Did you know that kids who regularly help in the kitchen grow up confident to prepare their own meals? As a result, they’ll not only learn how to eat balanced meals, but they may become less picky, too.
If there’s one thing that brings people together, it’s food – so choose a recipe, grab an apron, and reap the benefits of time together in the kitchen. How to include the littles? Let’s find out:
Come One, Come All: Little kids, big kids – there’s no age limit when it comes to cooking. Sure, the task will need to be different, but even a child as young as 2 years old can help.
A mixing bowl and spoon can do wonders for the little ones, and asking school-age kids to help measure ingredients can promote concentration and math skills.
Designate Special Tools: Colorful mixing bowls, nifty spatulas, a homemade apron – show kids that cooking should be fun and enjoyed. With their own gadgets and gear, they’ll be asking for homemade meals more often.
Make, Taste, Enjoy: Who doesn’t love a little taste test? If you find that you have some picky personalities on your hands – helping in the kitchen is key.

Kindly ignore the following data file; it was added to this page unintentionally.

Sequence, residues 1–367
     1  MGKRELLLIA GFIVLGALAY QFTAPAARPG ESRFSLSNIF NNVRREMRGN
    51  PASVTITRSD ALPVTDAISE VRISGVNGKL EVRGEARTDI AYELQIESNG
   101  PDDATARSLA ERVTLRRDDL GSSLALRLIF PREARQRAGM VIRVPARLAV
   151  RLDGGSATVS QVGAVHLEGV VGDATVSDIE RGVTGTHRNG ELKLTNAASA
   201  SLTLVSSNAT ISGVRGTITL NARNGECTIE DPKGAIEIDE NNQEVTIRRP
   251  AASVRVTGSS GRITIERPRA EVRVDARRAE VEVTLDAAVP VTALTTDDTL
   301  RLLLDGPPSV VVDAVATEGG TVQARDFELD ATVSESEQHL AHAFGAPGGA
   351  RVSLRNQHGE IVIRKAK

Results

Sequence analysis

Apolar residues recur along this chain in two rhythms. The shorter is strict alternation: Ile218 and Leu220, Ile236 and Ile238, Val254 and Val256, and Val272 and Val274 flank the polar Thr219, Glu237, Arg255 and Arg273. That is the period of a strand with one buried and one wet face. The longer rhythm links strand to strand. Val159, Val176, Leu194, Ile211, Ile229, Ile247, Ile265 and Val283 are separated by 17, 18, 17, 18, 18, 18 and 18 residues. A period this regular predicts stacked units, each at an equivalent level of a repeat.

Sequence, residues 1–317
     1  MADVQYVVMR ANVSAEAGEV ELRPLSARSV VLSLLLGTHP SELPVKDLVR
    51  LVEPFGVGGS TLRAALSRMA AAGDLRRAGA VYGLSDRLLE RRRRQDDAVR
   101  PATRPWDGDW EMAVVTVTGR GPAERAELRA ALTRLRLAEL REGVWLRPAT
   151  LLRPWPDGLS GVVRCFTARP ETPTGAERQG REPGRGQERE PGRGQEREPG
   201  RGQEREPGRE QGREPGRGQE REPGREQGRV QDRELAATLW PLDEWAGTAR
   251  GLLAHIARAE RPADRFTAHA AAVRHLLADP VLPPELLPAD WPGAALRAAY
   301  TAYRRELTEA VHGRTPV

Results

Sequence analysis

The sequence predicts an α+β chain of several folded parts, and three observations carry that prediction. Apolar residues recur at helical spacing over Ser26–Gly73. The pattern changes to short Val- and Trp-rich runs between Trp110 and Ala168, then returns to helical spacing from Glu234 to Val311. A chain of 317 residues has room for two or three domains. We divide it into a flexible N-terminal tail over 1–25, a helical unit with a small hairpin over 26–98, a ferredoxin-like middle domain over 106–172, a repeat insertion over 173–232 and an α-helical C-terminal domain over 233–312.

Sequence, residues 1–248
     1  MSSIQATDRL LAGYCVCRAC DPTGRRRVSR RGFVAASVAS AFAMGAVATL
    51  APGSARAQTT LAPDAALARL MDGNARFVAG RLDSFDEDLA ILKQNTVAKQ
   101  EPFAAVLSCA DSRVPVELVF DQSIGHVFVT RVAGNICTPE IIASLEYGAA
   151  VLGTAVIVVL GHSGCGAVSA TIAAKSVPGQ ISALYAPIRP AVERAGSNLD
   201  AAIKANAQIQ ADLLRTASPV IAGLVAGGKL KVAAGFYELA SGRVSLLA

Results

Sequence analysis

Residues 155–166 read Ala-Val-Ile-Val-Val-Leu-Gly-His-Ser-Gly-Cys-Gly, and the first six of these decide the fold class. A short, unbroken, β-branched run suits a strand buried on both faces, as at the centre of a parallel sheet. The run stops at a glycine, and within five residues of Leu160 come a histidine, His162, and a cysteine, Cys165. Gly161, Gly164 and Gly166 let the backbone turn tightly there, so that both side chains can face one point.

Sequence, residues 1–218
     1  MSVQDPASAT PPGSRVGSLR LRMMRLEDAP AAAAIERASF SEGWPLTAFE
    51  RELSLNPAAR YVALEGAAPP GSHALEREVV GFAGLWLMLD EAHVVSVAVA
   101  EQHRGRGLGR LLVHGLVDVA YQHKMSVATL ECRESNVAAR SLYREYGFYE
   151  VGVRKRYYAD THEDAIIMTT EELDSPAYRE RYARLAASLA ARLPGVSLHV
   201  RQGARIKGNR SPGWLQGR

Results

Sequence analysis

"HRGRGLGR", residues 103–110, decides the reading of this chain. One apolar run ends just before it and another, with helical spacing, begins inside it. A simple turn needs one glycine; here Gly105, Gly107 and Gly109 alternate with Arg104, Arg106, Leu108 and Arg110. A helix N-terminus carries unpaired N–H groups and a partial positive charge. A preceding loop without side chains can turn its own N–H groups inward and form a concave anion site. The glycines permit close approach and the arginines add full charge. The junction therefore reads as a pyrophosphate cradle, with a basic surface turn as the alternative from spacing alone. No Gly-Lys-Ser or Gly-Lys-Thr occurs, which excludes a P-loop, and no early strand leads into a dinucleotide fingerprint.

Kids are more likely to eat what the make. Therefore, bring out all the food groups and use them in different ways. The more exposure to foods, the better.
Deciding Factor: Turn the trickiest question of the day around and ask your kids – “What’s for dinner tonight?” Allowing your kids to come up with meal ideas can help elevate some stress throughout the week. If you find that they only suggest their go-to foods (example: mac-n-cheese), offer a choice:
Would you like spaghetti or tacos tonight? They’ll feel empowered that they got to make this mealtime call and their diet will be full of variety, too.
Customer in Training: Grab the little toddler cart and make your way through the grocery aisles together. A meal begins with a plan. Therefore, expose them to all the options within the grocery store. Have them pick up fun foods, yet look at healthier options, too.
As parents, we pass many skills down to our children. Make sure the ability to cook is one of them (regardless if you’re a great chef or not).
The information is not intended as medical advice. Please consult a medical professional for individual advice.